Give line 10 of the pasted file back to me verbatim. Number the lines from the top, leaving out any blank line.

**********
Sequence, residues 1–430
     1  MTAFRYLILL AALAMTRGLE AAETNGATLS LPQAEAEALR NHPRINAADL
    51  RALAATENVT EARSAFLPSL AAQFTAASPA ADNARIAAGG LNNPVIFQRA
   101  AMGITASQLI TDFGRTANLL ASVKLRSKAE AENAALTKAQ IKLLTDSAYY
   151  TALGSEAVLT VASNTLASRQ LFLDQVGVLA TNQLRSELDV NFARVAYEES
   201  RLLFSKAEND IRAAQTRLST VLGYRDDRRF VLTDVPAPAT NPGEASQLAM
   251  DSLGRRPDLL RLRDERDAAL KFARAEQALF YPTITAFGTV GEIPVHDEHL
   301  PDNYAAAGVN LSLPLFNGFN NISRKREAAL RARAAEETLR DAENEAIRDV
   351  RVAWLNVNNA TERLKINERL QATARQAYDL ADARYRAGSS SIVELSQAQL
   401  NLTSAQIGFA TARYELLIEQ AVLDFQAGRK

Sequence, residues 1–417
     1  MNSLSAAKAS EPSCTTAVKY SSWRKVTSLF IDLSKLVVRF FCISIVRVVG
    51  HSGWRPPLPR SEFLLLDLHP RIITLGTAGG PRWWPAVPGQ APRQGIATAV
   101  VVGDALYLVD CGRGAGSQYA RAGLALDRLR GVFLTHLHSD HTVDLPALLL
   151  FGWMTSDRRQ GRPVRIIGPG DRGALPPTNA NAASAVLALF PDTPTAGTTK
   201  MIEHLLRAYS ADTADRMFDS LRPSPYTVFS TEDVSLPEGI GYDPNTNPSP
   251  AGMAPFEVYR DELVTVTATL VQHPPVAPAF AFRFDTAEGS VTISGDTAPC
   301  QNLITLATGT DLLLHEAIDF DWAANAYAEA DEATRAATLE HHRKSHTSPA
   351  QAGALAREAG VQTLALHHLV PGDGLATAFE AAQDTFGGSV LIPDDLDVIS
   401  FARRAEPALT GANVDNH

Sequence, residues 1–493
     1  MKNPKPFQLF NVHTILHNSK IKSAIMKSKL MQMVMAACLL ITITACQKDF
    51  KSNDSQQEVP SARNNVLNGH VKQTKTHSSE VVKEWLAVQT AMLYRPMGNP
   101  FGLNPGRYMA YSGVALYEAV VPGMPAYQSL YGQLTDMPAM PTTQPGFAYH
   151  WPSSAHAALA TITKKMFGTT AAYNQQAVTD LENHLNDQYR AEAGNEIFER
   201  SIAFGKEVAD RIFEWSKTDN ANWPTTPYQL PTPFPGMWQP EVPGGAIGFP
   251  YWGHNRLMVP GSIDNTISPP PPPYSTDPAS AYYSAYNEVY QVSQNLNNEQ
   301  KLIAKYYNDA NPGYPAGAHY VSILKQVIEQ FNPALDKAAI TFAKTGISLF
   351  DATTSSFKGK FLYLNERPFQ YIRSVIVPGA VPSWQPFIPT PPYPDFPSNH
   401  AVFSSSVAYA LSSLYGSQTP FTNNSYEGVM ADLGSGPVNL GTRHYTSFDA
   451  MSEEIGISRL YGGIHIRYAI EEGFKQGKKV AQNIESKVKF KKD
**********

   401  NLTSAQIGFA TARYELLIEQ AVLDFQAGRK